One of the companies that has championed making salaries and equity public is Buffer. They have done a good job of not only explaining their formula, but also explaining their motivations, which are rooted in a basic cultural value called default to Transparency.
The pros of such system are that no one wonders if someone making the same contributions as they are is getting paid more. Since it is all public you can see. When you see, you can decide for yourself if the company is acting fairly or not. For the management, it means that they don’t have to deal with people trying to negotiate special salary deals which create equity issues with other employees.
The cons of such transparency are pretty much the same as the pro, it just all depends on whether you like the transparency and lack of flexibility:
If you are a highly paid employee everyone knows it and expects you to perform at a level equal to that. And if you are a low paid employee everyone knows that too. Some employees can feel embarrassed about having that info be public - they won’t come to work for such a company. And to significantly change your salary you might have to change your job position (this is often the case even in companies where salary is negotiated privately, but because that isn’t public employees might not realize that).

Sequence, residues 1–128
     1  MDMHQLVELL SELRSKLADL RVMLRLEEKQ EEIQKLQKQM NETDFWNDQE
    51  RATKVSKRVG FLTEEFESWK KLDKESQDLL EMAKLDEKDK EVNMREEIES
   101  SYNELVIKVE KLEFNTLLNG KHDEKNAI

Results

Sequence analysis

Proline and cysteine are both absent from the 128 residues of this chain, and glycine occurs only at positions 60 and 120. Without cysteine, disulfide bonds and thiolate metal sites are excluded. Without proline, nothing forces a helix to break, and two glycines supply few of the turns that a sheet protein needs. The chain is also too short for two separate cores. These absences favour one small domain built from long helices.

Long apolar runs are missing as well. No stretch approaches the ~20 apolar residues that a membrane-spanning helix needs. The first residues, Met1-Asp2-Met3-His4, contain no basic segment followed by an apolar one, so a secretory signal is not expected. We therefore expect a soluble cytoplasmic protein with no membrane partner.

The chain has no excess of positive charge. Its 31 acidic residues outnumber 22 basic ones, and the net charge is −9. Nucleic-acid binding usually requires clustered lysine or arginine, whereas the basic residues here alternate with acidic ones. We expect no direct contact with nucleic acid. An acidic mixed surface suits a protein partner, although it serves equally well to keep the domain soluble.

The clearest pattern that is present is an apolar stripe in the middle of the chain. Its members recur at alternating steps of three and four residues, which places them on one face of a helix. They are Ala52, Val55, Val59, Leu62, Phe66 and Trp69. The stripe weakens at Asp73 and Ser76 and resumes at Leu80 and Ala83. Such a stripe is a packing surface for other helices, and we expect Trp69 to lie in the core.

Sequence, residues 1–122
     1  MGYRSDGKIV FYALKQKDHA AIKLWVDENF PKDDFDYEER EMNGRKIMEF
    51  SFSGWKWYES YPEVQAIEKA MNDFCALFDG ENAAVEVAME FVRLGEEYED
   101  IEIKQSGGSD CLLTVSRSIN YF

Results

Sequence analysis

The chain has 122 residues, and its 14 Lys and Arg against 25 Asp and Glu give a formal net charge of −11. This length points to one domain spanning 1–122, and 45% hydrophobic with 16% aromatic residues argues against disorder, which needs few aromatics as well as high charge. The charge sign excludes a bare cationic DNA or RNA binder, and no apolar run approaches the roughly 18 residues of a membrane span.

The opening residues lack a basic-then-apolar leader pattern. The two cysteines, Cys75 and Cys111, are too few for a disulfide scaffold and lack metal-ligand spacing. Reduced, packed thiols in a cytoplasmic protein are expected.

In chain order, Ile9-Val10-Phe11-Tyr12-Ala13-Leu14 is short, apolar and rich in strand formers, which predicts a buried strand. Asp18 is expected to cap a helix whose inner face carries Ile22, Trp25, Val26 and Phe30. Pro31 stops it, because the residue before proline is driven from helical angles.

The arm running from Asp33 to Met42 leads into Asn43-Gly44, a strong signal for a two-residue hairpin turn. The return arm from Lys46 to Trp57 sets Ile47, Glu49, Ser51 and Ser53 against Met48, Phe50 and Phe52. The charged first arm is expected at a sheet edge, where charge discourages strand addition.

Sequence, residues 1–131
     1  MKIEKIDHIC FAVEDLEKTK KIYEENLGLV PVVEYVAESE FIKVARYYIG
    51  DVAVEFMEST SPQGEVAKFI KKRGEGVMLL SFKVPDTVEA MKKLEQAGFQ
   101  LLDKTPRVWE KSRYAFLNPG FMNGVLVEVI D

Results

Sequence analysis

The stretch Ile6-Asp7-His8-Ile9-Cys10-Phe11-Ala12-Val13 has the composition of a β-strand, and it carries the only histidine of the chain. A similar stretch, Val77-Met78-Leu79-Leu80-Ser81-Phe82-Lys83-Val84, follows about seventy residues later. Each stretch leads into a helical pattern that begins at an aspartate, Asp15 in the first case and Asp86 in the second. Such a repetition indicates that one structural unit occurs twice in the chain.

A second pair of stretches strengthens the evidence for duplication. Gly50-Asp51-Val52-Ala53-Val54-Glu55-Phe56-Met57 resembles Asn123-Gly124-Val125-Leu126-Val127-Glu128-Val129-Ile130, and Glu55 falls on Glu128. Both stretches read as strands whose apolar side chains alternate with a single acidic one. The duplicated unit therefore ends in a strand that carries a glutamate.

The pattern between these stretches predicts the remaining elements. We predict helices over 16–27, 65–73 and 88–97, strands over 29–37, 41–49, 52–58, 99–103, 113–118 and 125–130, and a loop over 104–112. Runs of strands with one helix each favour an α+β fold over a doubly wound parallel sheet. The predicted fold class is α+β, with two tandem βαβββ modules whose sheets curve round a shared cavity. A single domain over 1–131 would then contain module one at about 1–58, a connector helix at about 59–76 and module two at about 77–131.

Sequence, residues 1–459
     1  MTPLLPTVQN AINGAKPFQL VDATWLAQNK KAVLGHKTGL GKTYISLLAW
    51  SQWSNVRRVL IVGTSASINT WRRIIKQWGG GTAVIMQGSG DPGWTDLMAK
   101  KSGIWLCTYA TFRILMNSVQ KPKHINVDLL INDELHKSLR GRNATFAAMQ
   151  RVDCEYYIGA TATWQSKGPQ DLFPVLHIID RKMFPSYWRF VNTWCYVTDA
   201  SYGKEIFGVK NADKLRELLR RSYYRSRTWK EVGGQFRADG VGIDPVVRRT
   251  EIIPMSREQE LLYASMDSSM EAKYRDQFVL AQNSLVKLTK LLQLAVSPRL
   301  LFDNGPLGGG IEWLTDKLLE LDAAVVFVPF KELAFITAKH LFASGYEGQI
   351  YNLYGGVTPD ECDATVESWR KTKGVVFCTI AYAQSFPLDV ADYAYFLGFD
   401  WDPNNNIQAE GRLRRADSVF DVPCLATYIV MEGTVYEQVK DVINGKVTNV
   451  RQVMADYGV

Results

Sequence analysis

Similarly, management gets more flexibility in negotiating special cases when salary info is private. They may find that they can offer a special new hire candidate a salary much higher than typical for that position to counter another company’s offer for that candidate in a bidding war. (In the open salary case, with less flexibility and standardized formulas they might just lose that candidate). Management can also discover that some candidates are getting lower market offers, and save some money by offering that person a lower amount as well. That often is what perpetuates the gender and minority salary gap when salaries are based on past salaries.